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An Account of Sa-Go-Ye-Wat-Ha, or Red Jacket, and His People, 1750-1830   By: (1815-1897)

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AN ACCOUNT OF SA GO YE WAT HA OR RED JACKET AND HIS PEOPLE, 1750 1830.

BY JOHN N. HUBBARD

DEDICATION

To the Hon. Henry G. Hubbard, of Middletown, Conn.

DEAR SIR: Your name, associated with many pleasant memories in the past, and in later years with substantial tokens of esteem, is held in grateful recollection; and the hope that these pages may serve to interest an occasional leisure hour, has led to their being inscribed to you, by your friend and relative.

THE AUTHOR.

PREFACE.

The "Life and Times of Red Jacket" by Colonel William L. Stone, has been before the public for many years. The industry and ability of the author have made it a work of great value, and his extensive researches have left but little room for anything new to be said, by one coming after him. Yet the fact need not be concealed that many, who were intimately acquainted with Red Jacket, were disappointed when they came to read his biography. If it had been prepared under the direct influence and superintendence of Thayendanegea, or Brant, it could not have reflected more truly the animus of that distinguished character. Red Jacket in his day was the subject, at different times of much angry feeling, and jealousy. The author has not taken pains to embalm it, in these memorials of the great orator of the Senecas. Much that was the subject of criticism during his life, admits of a more charitable construction, and the grave should become the receptacle of all human resentments.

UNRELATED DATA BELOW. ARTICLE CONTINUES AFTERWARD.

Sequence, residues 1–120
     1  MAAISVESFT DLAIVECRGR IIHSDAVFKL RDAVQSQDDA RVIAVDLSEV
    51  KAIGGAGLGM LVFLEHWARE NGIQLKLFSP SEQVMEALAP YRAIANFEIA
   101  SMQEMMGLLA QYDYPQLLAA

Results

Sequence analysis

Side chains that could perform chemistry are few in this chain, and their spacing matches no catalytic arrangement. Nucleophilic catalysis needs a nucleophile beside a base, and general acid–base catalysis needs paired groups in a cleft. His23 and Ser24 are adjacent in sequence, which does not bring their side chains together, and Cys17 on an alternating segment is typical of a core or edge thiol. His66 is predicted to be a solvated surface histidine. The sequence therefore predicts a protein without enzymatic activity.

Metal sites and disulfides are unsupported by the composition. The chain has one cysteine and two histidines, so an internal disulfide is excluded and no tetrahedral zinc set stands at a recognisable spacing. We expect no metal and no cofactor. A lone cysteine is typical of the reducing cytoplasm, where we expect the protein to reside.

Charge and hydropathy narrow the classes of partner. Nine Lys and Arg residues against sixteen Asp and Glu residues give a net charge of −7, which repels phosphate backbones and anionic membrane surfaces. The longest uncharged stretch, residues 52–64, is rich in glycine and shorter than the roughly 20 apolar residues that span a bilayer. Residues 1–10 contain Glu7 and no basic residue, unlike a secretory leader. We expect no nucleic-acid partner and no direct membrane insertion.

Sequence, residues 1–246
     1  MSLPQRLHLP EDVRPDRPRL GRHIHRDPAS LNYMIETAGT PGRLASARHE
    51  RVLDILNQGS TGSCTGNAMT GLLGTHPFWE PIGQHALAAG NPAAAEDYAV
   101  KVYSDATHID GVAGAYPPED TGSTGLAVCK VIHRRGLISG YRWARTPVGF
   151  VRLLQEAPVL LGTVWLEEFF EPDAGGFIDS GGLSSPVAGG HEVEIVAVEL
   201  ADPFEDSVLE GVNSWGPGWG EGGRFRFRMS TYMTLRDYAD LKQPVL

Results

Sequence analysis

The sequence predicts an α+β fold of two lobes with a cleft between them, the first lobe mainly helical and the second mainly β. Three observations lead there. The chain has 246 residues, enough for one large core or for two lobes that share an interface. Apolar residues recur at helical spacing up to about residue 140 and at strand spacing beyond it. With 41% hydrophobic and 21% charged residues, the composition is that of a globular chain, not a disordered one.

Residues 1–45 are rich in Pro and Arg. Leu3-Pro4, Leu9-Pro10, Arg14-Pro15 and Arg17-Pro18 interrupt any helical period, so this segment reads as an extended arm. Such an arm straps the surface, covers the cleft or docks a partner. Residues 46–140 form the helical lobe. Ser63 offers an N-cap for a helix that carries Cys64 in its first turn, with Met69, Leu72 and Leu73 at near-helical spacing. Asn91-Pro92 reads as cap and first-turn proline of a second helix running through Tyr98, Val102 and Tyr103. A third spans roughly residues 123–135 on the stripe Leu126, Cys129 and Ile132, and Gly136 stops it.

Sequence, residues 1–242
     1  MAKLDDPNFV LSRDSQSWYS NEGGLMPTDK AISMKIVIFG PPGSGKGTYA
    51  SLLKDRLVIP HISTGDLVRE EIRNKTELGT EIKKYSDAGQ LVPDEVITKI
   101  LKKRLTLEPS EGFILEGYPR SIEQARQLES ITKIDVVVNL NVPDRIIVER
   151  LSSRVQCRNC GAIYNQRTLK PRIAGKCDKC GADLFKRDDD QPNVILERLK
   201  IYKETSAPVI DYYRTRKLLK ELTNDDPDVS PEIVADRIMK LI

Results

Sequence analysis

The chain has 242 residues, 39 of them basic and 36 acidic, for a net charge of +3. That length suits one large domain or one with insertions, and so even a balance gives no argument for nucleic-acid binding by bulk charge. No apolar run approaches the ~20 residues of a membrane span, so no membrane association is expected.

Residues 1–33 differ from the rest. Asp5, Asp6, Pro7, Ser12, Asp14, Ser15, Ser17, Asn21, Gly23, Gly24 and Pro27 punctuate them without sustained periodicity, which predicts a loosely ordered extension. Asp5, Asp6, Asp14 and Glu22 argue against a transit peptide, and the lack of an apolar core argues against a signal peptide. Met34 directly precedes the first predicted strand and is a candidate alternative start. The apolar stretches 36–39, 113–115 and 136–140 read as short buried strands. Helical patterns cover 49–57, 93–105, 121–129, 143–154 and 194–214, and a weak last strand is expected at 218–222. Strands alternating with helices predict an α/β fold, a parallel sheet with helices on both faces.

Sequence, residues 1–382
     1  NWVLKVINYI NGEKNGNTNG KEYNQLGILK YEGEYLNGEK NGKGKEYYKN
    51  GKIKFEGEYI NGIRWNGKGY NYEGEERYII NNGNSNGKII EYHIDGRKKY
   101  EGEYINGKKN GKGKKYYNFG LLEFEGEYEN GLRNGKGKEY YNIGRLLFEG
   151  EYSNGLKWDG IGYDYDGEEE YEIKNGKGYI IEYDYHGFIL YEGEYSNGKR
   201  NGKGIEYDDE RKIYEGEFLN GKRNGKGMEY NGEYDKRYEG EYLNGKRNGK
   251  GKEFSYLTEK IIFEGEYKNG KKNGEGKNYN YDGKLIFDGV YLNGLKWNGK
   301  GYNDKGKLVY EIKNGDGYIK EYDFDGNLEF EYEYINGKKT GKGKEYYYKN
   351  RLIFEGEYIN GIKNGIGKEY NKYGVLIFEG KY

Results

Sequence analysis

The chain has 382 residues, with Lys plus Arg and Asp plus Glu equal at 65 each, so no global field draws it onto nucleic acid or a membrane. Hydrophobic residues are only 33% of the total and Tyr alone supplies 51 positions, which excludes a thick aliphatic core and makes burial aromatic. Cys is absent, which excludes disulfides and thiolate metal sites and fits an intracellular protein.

The author acknowledges his indebtedness to the labors of Col. Stone, and by an honorable arrangement, liberty was obtained for the use made of them, in the following pages. Acknowledgments are due also to others, whose names will appear in the course of this work.

TRACY, CAL., April 12th , 1885.

CONTENTS.

CHAPTER I.

Red Jacket Name widely known Interest connected with his history His origin Development of his genius Opinion of Capt. Horatio Jones Customs of his people Their councils Love of eloquence Distinguished names Eloquence an art among them Peculiarity of their language Field opened for his genius.

CHAPTER II.

Glance at the early history of the Iroquois Territory they occupied Location of the different tribes Strength of their Confederacy Tuscaroras Traditions Probable course of their migrations Senecas Story of their origin Singular romance.

CHAPTER III.

Name Red Jacket, how acquired Indian name Name conferred Singular superstition Red Jacket during the war of the Revolution Neutrality of the Indians proposed Services sought by Great Britain Sketch of Sir Wm. Johnson Red Jacket's position Taunt of cowardice Testimony of Little Beard Charge made by Brant Red Jacket's indifference Anecdote Early love of eloquence Interesting reminiscences.

CHAPTER IV.

Early struggles Red Jacket's opportunity for trial Council at Fort Stanwix Office of Sachem His opposition to the treaty Excitement produced by his speech Part taken by Cornplanter His influence in deciding the treaty How it affected him.

CHAPTER V.

United States claim to Indian lands Conflicting claims between states Manner of adjustment Attempt to acquire by a lease Attempt defeated Lands acquired by New York From Onondagas, Oneidas, Cayugas Indian destitution Indications of trouble Design of severing western New York from the rest of the state How defeated Phelps and Gorham purchase.

CHAPTER VI.

Union of the western Indians Hostile influence of the British Indian department in Canada Ambitious project of Thayendanegea or Brant Visits England, desiring British aid in the event of war with the United States Council at Tioga Point Indian ceremonies Visit of Cornplanter and others at the seat of government Fresh occasion of trouble.

CHAPTER VII.

Expedition under General Harmar Its failure High expectations of the Indians Colonel Proctor visits the Indians at Buffalo creek Red Jacket's speech Indian deputation refused Interference of the matrons Council at Painted Post Chiefs invited to Philadelphia... Continue reading book >>




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